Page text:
Effectively Engage Beneficiaries

The people that would benefit from your technology will enable you to: understand the problem you're solving; validate the value of your technology; and shape development with the people that you'll be helping in mind.

Who curated this Module

Dr Maria Botcharova

  • Corporate Strategy Associate, RELX Group

  • Previously Senior life science specialist, L.E.K Consulting

  • Science Editor and Journalist

 


 

1

Identify who would prescribe the solution

This may be obvious from the nature of the disease (e.g., heart disease - cardiologist), however, the relative input of different clinicians may be unclear for diseases that impact multiple organs, or are hereditary (paediatrician may also be involved). 

The physician who treats the disease is typically the one who prescribes the drug and is ultimately the decision maker as to whether a drug is valuable to patients. This website provides a framework to help you work out who the right clinician would be. Other places to look include: Medscape, WebMD and Expertscape.

 

2

Identify who would administer the solution

Different health and care professionals have different rights when it comes to prescribing and administering solutions. This might be the clinician, or a nurse pharmacist or other health professional. The beneficiary who administers a solution can offer valuable information on the most frequent pain points of patients receiving currently available solutions, and where a new solution might fit into the treatment paradigm. These individuals may also have important information on compliance because they witness it first-hand. 

3

Identify who would receive the solution

Speaking to Patients - should you do it?

Some insights can be gained from interviewing patients, particularly surrounding their current approach to taking medications, their compliance, and the side effects or pains that cause them the greatest discomfort or inconvenience. 

 

However, there are a number of points to be mindful of:

  • Ethical and privacy issues surrounding asking patients about their disease, pain or discomfort

  • Patients do not necessarily have a good understanding of the science underlying a pharmaceutical and may not be able to comment on the likely properties and value of your solution based on its underlying properties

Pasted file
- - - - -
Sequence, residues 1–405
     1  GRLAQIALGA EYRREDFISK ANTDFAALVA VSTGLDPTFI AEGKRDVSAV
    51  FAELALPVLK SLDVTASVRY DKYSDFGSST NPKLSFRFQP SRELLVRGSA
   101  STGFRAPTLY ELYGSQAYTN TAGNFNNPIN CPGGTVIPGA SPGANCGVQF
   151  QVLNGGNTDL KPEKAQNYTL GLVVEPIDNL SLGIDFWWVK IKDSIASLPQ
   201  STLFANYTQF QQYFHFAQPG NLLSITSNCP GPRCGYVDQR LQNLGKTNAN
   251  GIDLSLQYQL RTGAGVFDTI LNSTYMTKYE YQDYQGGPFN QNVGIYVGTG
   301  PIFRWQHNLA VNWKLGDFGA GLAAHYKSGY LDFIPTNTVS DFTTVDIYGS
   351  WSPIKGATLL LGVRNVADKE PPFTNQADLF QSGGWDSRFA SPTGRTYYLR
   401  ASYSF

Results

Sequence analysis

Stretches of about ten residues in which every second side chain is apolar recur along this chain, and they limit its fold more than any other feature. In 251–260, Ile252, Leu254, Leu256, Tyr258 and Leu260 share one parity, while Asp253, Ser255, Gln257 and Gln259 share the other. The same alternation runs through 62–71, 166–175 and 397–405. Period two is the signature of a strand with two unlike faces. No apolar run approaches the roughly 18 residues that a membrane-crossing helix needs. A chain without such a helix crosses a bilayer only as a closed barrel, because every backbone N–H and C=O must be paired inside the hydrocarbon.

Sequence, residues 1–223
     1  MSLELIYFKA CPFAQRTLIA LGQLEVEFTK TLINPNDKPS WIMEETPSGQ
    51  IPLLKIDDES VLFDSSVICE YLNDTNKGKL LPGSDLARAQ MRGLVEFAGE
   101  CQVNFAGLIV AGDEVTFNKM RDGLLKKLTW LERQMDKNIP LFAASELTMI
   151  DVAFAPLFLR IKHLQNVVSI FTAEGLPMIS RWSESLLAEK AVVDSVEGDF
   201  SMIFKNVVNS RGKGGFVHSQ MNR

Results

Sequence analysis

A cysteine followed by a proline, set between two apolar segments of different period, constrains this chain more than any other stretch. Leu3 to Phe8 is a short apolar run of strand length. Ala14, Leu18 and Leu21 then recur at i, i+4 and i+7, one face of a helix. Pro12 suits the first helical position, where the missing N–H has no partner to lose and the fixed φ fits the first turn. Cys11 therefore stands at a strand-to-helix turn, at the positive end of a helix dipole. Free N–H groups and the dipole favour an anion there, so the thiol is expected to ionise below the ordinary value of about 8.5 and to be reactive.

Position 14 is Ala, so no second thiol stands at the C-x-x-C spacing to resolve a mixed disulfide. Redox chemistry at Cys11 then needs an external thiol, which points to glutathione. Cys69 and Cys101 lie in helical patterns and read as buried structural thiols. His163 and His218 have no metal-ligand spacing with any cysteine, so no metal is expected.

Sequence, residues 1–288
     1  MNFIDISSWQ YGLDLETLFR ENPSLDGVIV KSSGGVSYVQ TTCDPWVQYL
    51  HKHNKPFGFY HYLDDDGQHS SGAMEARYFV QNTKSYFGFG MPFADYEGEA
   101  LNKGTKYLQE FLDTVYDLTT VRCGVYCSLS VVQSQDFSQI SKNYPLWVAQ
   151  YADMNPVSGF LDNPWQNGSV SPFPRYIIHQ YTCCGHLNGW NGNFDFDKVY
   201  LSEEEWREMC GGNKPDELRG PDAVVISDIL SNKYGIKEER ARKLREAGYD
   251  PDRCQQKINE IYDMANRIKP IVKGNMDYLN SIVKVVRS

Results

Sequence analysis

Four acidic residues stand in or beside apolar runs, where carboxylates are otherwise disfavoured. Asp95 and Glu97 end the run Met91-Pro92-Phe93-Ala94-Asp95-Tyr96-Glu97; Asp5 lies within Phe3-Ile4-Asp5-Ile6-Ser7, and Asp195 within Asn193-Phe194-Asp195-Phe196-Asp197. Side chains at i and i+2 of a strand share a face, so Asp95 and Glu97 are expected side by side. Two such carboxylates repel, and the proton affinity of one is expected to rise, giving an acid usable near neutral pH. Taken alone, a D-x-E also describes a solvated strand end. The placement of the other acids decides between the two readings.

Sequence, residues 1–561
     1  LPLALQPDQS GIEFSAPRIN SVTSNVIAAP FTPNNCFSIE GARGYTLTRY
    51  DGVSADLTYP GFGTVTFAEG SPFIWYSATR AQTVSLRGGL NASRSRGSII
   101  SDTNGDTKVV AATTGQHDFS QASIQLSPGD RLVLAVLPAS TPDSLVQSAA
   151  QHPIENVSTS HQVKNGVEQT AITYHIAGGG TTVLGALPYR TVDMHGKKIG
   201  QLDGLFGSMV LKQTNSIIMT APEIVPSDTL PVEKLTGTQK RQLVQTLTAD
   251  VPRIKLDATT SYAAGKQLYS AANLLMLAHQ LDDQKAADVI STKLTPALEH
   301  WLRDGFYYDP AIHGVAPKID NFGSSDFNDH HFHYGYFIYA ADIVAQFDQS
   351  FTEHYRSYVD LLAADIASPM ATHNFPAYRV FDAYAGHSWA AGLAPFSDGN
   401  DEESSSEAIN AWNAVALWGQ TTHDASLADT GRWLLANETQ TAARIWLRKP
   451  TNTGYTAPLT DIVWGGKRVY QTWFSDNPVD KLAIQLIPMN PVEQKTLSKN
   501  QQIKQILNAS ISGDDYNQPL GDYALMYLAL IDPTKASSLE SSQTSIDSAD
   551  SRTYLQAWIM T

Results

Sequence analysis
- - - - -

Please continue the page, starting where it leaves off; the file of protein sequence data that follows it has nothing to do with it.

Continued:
• It is the clinician who ultimately prescribes the drug and many patients rely on their clinician's expertise to give them the best support - they are not the final decision maker. 
     

Expert Advice

Clinicians are typically the most appropriate and informative stakeholder to approach about understanding the disease space, and the value of your developmental product. 

4

Find prescribers and administers

Find a Specialist

There are several places to look to find the right people to talk to. Good sources include:

In the UK, you can also identify and reach out to clinicians through:

Expert Advice

Be aware that it might not be in the clinicians interests to advise pro bono. It won’t support their career, could lead to association with failure, and is not currently factored into the Research Excellence Framework (REF) by which they are measured. Standard day rates for a clinical consultant might range from £800-1200 depending on seniority and experience.

5

Interview a prescriber and/or administer

Understand the proportion of patients that might be prescribed your technology

Ensure that you are using your time with prescriber/administer effectively by defining the key questions before you meet. Here are some examples that will support you to provide the data supporting the validation/invalidation of your innovation:

  • How many patients a week do you see with this disease/that would require use of this device (can help with population estimates if the number of physicians is known)

  • When a patient comes in, what options might you suggest prescribe as a treatment for them?

  • How do you decide which treatment to suggest / prescribe? (e.g., what measurements do you take to make this decision? When testing the drug to demonstrate that it works, it is important to be aware of what markers physicians use to determine how severe the disease is)

  • Are the current treatments satisfactory? What are the remaining needs?

  • What side effects do patients currently experience on these treatments?

  • How do they impact drug usage?

  • If the molecule has (please complete) chemical properties, and becomes a drug with (please complete) clinical properties (e.g., improves certain biomarkers of the disease in a specified way), how likely would you be to prescribe it to your patients?

  • How would it compare to current treatments?

  • What proportion of your patients would you prescribe it to?

  • What characteristics would define these patients (e.g., failed use of all other treatments, people with weight / activity level / heart rate / age over / under a certain amount, etc.)

  • What side effects do you think patients would tolerate given this information? 

This project was joint-funded by the National Institute for Health Research (NIHR) Brain Injury MedTech Co-operative based at Cambridge University Hospitals NHS Foundation Trust and University of Cambridge. The views expressed are those of the author(s) and not necessarily those of the NHS, the NIHR or the Department of Health.

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